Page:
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Rigshospitalet - a part of Copenhagen University Hospital
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Effectiveness of surgery for sciatica with disc herniation is not substantially affected by differences in surgical incidences among three countries: results from the Danish, Swedish and Norwegian spine registries

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  1. Conservative treatment of main thoracic adolescent idiopathic scoliosis: Full-time or nighttime bracing?

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  2. Revision Risk After Primary Adult Spinal Deformity Surgery: A Nationwide Study With Two-Year Follow-up

    Research output: Contribution to journalJournal articleResearchpeer-review

  • Tobias Lagerbäck
  • Peter Fritzell
  • Olle Hägg
  • Dennis Nordvall
  • Greger Lønne
  • Tore K Solberg
  • Mikkel Ø Andersen
  • Søren Eiskjær
  • Martin Gehrchen
  • Wilco C Jacobs
  • Miranda L van Hooff
  • Paul Gerdhem
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Purpose: Yearly incidence of surgery for symptomatic lumbar disc herniation varies and is 29/100,000 in Sweden, 46/100,000 in Denmark and 58/100,000 in Norway. This variation was used to study whether differences in surgical incidence were associated with differences in preoperative patient characteristics as well as patient-reported outcomes. Methods: Data from the national spine registers in Sweden, Denmark and Norway during 2011–2013 were pooled, and 9965 individuals, aged 18–65 years, of which 6468 had one-year follow-up data, were included in the study. Both absolute and case-mix-adjusted comparisons of the primary outcome Oswestry Disability Index (ODI) and the secondary outcomes EQ-5D-3L, and Numerical Rating Scale (NRS) for leg and back pain were performed. Case-mix adjustment was done for baseline age, sex, BMI, smoking, co-morbidity, duration of leg pain and preoperative value of the dependent variable. Results: Mean improvement in the outcome variables exceeded previously described minimal clinical important change in all countries. Mean (95% CI) final scores of ODI were 18 (17–18), 19 (18–20) and 15 (15–16) in Sweden, Denmark and Norway, respectively. Corresponding results of EQ-5D-3L were 0.74 (0.73–0.75), 0.73 (0.72–0.75) and 0.75 (0.74–0.76). Results of NRS leg and back pain behaved similarly. Case-mix adjustment did not alter the findings substantially. Conclusion: We found no clear association between incidence of surgery for lumbar disc herniation and preoperative patient characteristics as well as outcome, and the differences between the countries were lower than the minimal clinical important difference in all outcomes. Graphical abstract: These slides can be retrieved under Electronic Supplementary Material.[Figure not available: see fulltext.].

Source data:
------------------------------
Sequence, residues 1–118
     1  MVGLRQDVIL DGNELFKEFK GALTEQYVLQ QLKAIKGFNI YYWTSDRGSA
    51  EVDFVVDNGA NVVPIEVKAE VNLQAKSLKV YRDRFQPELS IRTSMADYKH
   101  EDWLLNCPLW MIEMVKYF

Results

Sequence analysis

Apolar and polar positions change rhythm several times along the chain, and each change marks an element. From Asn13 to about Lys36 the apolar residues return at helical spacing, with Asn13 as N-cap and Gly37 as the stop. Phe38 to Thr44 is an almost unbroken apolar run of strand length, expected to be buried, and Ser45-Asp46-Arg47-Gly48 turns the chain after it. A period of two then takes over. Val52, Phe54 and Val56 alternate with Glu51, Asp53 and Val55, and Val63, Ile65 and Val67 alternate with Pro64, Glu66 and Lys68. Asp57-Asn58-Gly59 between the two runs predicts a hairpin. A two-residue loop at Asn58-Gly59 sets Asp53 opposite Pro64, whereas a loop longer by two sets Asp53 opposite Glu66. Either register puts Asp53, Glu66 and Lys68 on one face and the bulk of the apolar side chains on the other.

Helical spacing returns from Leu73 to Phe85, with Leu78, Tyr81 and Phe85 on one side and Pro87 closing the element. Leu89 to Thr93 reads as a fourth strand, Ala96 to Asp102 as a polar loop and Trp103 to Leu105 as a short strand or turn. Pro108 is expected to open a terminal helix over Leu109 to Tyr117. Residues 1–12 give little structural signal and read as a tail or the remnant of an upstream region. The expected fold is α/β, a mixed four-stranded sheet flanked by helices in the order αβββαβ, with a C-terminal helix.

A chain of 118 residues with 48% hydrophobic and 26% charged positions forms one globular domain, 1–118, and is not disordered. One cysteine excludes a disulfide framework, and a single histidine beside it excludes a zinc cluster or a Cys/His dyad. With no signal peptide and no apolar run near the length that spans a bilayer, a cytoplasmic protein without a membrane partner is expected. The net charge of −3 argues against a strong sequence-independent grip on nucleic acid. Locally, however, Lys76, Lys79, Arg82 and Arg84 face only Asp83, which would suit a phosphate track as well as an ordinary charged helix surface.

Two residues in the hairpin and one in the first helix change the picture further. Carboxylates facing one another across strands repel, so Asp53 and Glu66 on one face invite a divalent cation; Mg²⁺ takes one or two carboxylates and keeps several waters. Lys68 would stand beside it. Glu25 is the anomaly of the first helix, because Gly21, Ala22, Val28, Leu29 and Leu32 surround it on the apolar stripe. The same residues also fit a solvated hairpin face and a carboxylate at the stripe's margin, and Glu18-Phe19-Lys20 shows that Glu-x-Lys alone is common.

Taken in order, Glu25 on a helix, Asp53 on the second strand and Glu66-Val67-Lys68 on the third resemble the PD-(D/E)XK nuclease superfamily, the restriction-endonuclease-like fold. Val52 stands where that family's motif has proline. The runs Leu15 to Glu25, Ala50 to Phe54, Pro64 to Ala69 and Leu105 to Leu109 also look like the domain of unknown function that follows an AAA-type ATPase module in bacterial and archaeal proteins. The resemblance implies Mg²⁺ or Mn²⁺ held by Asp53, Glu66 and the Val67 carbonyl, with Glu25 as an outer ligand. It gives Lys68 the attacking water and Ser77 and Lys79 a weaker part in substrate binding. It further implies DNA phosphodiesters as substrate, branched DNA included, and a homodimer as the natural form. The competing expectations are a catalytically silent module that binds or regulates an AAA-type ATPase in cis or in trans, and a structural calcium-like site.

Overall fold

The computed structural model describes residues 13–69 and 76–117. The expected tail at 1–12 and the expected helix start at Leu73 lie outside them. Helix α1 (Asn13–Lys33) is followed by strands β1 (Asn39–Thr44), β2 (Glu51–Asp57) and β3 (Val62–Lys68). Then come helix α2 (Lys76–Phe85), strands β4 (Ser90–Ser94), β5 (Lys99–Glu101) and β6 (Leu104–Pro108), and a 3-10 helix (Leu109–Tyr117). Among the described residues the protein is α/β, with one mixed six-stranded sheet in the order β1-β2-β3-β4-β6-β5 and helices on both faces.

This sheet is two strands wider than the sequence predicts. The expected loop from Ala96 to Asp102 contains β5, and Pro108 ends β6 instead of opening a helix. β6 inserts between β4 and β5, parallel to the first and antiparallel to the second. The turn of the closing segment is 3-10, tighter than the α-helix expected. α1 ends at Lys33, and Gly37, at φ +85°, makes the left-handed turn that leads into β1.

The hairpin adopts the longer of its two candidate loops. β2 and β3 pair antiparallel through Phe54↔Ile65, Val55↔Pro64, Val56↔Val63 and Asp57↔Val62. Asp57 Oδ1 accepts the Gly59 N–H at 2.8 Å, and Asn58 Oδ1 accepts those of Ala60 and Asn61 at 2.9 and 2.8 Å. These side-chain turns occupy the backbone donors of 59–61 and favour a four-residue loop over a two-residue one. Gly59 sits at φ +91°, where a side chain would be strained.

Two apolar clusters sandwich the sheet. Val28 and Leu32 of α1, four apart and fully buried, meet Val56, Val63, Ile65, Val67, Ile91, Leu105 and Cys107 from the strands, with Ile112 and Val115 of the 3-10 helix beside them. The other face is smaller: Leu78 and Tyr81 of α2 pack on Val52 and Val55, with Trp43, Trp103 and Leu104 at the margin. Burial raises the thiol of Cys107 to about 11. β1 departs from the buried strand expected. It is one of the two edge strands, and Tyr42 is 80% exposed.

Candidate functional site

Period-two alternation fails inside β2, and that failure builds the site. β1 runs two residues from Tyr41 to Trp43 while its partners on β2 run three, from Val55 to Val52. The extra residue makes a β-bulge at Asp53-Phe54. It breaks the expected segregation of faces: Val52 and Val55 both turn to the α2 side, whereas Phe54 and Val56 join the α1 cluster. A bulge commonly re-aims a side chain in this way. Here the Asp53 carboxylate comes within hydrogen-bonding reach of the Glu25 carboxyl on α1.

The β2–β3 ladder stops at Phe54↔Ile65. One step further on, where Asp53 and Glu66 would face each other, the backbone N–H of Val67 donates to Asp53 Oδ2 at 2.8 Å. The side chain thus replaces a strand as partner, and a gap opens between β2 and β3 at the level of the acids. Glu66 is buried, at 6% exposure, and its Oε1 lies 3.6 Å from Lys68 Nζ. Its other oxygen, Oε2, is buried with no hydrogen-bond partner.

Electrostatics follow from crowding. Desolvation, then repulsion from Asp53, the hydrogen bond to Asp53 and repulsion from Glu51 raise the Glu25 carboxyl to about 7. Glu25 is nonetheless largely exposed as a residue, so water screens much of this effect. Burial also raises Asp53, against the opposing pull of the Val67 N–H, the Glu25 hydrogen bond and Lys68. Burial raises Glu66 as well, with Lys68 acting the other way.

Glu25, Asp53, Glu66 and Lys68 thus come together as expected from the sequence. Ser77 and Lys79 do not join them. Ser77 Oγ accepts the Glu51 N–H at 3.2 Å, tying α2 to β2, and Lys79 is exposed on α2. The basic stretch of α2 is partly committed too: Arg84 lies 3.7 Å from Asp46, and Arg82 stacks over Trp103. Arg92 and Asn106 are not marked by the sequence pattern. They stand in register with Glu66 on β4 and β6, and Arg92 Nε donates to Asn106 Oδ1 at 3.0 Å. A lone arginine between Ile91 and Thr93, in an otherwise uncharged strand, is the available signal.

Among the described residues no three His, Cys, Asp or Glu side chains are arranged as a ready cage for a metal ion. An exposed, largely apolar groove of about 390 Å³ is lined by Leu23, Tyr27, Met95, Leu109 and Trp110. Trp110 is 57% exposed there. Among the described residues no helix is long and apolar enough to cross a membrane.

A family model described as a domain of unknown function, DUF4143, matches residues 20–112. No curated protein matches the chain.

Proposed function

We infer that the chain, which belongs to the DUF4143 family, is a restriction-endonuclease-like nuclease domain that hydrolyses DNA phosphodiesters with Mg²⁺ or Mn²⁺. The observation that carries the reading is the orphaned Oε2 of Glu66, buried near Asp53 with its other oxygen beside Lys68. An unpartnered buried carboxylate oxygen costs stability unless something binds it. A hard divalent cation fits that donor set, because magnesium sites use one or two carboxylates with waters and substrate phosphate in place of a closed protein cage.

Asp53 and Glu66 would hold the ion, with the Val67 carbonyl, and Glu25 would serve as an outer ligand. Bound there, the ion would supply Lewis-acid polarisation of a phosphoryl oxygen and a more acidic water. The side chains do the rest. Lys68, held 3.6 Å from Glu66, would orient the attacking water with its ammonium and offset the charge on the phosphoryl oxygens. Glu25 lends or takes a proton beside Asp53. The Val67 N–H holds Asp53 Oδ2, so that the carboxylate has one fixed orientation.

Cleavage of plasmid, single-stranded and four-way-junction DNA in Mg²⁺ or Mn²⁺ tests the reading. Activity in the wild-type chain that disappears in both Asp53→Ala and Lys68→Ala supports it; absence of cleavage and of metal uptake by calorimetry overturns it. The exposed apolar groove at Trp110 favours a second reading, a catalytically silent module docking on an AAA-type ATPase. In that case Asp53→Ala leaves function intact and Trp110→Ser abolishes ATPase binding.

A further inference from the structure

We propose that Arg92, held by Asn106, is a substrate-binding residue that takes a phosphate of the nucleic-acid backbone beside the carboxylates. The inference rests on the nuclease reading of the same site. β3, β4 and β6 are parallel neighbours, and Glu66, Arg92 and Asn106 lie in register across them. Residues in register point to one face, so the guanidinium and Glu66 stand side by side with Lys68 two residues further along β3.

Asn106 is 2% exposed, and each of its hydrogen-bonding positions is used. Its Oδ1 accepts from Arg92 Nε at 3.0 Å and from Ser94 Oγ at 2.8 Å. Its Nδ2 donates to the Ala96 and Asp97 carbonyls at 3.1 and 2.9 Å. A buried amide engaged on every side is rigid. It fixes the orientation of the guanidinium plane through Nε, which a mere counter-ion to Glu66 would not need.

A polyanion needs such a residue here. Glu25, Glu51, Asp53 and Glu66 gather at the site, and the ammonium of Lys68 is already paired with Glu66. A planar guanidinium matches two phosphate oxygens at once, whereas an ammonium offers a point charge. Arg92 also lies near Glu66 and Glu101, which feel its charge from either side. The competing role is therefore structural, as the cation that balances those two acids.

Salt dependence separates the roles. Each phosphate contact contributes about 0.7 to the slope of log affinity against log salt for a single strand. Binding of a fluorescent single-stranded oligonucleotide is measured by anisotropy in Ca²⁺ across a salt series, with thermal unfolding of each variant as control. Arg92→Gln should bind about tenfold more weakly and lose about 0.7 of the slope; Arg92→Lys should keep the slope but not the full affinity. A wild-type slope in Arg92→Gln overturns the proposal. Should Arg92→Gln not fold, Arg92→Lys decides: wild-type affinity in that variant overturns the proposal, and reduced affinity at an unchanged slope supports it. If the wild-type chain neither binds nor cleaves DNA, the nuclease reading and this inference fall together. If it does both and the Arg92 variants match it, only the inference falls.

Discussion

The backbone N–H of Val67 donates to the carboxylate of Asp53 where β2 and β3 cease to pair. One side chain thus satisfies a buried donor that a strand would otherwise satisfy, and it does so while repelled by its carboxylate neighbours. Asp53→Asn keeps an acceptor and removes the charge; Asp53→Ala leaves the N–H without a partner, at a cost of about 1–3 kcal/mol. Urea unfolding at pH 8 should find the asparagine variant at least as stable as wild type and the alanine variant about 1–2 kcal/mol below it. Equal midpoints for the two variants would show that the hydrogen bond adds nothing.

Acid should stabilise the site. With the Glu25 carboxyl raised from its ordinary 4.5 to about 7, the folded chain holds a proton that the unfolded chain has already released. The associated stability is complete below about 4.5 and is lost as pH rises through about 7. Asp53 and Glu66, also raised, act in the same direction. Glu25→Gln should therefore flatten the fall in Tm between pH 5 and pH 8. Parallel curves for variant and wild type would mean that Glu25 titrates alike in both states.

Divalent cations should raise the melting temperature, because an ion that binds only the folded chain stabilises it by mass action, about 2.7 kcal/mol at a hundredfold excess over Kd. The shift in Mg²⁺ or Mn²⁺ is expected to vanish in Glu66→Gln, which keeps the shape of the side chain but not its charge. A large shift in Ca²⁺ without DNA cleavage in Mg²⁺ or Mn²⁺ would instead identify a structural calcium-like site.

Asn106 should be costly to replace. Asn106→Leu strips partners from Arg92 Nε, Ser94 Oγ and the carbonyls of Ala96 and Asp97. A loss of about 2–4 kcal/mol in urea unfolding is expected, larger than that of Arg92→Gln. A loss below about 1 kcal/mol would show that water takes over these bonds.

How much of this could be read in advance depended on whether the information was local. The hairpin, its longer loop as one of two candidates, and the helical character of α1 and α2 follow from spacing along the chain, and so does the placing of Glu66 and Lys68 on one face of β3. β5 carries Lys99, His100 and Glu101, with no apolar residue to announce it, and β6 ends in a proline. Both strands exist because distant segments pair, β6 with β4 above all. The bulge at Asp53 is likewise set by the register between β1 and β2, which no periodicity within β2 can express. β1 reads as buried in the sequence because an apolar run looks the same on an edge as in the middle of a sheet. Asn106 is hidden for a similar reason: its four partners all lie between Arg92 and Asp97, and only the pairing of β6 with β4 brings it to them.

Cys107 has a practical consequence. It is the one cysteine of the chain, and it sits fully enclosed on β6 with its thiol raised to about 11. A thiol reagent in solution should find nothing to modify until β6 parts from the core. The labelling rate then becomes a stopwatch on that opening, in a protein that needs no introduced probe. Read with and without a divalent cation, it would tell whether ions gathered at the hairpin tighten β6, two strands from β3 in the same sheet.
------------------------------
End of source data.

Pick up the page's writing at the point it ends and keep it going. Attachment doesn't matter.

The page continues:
Original languageEnglish
JournalEuropean spine journal : official publication of the European Spine Society, the European Spinal Deformity Society, and the European Section of the Cervical Spine Research Society
Volume28
Issue number11
Pages (from-to)2562-2571
Number of pages10
ISSN0940-6719
DOIs
Publication statusPublished - 2019

    Research areas

  • Lumbar disc herniation, Outcome, Surgery

ID: 56468213